Cultivating careers - professional development for campus it

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Cultivating Careers: Professional Development for Campus IT
Cynthia Golden, Editor

ISBN 0-9672853-5-6 ©2006 EDUCAUSE. Available electronically at

Cultivating Careers: Professional Development for Campus IT

• Endnotes
Preface: A Commitment to Professional Development

• It’s All About the People • Time and Money • The Role of ITLeaders • What Works • Summary • Endnotes
Acknowledgments Part I: The Organizational Perspective Chapter 1: Perspectives on IT Leadership
James D. Bruce, MIT, and Brian McDonald, MOR Associates, Inc. • IT—the Innovative Frontier • Different Times, Expanded Skill Sets • IT Leadership and the Required Competencies • Leadership Roles • Conclusion Endnotes • About the Authors

Chapter 2: AComprehensive Approach to Professional Development for an IT Staff
Gene Spencer and Jeannie Zappe, Bucknell University

• Conversation, Commitment, and Concerted Effort • A Complex Interrelationship • Professional, Collaborative, and Leadership Skills • Engaging the Right People • Additional Examples of Bucknell Efforts • Conclusion • Endnotes • About the Authors
Chapter 3: Organizational Strategiesfor Fostering a Culture of Learning
Marilu Goodyear, Kathleen Ames-Oliver, and Keith Russell, University of Kansas

• A Vision of Organizational Learning • Elements of an Organizational Learning Infrastructure • Conclusion • Endnotes • About the Authors

ISBN 0-9672853-5-6 ©2006 EDUCAUSE. Available electronically at

Part II:The Individual PerspectiveChapter 4: Taking Control of Your Career
William F. Hogue, University of South Carolina, and David W. Dodd, Xavier University

• Career Management Equals Career Development • It Takes Careful Planning • Closing the Gap: Enhancing Skills and Experience • Evaluating Professional Opportunities • Career Development: Continuously Building Relationships and Optimizing Opportunities • Make CareerPlanning a Habit • About the Authors
Chapter 5: The Importance of Mentors
Susan E. Metros, The Ohio State University, and Catherine Yang, EDUCAUSE

• The Need to Develop IT Leaders in Higher Education • Organizations’ Responsibilities • Goals of a Mentoring Relationship • Types of Mentoring Relationships • Types of Mentors • Mentoring Phases • Politics of Mentoring • Conclusion • Endnotes • Aboutthe Authors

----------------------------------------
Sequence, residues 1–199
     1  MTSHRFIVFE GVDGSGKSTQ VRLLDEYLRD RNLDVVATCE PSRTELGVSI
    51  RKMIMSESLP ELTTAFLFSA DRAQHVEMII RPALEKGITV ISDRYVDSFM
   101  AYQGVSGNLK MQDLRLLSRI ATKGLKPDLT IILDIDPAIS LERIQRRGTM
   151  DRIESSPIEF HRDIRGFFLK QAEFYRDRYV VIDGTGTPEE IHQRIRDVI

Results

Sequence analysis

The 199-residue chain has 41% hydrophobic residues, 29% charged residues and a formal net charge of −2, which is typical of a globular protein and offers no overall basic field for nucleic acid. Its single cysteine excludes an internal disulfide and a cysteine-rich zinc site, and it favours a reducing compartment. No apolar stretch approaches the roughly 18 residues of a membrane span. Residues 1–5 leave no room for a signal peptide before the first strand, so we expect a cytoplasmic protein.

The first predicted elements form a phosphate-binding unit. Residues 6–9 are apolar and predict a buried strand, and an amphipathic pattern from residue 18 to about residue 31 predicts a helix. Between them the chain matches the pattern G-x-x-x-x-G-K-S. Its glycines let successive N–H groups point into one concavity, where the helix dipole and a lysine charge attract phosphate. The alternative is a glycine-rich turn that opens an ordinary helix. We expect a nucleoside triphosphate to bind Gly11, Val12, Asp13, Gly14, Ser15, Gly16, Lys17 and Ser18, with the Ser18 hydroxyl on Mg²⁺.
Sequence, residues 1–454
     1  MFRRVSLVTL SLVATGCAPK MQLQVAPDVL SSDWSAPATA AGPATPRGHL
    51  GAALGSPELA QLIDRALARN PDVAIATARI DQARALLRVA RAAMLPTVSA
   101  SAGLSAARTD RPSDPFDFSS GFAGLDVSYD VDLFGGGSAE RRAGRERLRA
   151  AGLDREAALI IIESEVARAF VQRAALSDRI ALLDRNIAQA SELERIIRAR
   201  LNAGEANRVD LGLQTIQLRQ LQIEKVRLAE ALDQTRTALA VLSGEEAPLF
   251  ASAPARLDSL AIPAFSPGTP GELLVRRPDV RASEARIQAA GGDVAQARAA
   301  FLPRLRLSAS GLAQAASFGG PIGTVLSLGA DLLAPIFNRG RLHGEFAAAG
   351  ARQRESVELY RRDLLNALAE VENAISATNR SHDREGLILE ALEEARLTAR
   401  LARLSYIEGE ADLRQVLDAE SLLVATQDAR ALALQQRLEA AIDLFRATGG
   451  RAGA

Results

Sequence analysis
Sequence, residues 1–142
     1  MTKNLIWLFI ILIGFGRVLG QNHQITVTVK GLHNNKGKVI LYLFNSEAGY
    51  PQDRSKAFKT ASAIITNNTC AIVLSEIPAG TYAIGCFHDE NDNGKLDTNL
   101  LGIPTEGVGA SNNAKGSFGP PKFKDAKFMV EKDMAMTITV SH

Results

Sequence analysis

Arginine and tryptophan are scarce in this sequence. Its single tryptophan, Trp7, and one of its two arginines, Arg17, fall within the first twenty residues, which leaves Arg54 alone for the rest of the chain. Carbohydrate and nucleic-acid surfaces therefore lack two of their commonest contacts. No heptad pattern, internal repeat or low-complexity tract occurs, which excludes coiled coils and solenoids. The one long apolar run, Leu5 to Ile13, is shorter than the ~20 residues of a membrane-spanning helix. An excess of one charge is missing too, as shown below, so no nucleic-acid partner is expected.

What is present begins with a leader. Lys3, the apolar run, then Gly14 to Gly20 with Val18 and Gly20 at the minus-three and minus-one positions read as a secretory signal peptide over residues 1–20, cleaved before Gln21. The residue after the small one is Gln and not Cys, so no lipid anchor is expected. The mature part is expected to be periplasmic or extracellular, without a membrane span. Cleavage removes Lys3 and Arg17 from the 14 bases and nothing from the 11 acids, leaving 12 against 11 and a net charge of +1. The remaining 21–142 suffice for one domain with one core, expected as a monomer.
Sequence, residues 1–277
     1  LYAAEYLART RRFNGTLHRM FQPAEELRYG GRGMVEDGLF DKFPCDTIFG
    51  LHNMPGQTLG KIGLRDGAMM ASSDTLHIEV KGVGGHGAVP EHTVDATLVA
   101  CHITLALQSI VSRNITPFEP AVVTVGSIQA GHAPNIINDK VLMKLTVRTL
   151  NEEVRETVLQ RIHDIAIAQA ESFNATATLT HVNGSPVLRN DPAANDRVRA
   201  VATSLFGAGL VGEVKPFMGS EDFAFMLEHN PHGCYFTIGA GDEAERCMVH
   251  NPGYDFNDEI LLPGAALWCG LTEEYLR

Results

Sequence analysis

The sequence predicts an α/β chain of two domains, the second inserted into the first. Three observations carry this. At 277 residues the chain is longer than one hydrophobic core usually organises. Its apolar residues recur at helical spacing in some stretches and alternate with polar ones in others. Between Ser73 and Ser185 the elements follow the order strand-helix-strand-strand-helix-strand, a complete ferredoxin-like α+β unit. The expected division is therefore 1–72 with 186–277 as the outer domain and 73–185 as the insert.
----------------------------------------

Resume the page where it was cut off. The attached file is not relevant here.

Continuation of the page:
Chapter 6: The Profession Needs You: Engagement as Professional Development
Cynthia Golden, EDUCAUSE, and Dan Updegrove, The University of Texas at Austin • Stay Current in a Dynamic Field • Broaden Your Perspective • Make Professional Contacts • Gain Recognition for Your Work and Your Institution • Serve the Community • Develop Leadership Skills • Enhance Communication Skills •Find Career Opportunities • Change Your Environment • Make Friends and Have Fun • Next Steps • About the Authors

Chapter 7: Work and Life: Achieving a Reasonable Balance
Tracey Leger-Hornby, Brandeis University, and Ron Bleed, Maricopa Community College District • Personal Values—What Drives You? • Managing Priorities • Productivity and Managing Time • When Worlds Collide • Dealing with Burnout •Making Changes • Conclusion • Endnotes • Useful Web References • About the Authors

Chapter 8: 12 Habits of Successful IT Professionals
Brian L. Hawkins, EDUCAUSE

• 1. They Are Multilingual • 2. They Avoid the Unconscious Conspiracy • 3. They Read Broadly • 4. They Educate Others About Information-Based Organizations • 5. They Understand the Limits of Their Advocacy • 6. They Are CautiousWhen Speaking Publicly • 7. They Cultivate Their Advisory Committees • 8. They Are Enablers • 9. They Don’t Whine • 10. They Are Generalists • 11. They Redefine Themselves • 12. They Maintain Balance • Conclusion • Endnotes • About the Author
Chapter 9: Cultivating People
Lida Larsen and Cynthia Golden, EDUCAUSE

• The Times, They Are A-Changin’ (Again) • Building the Higher Education IT...
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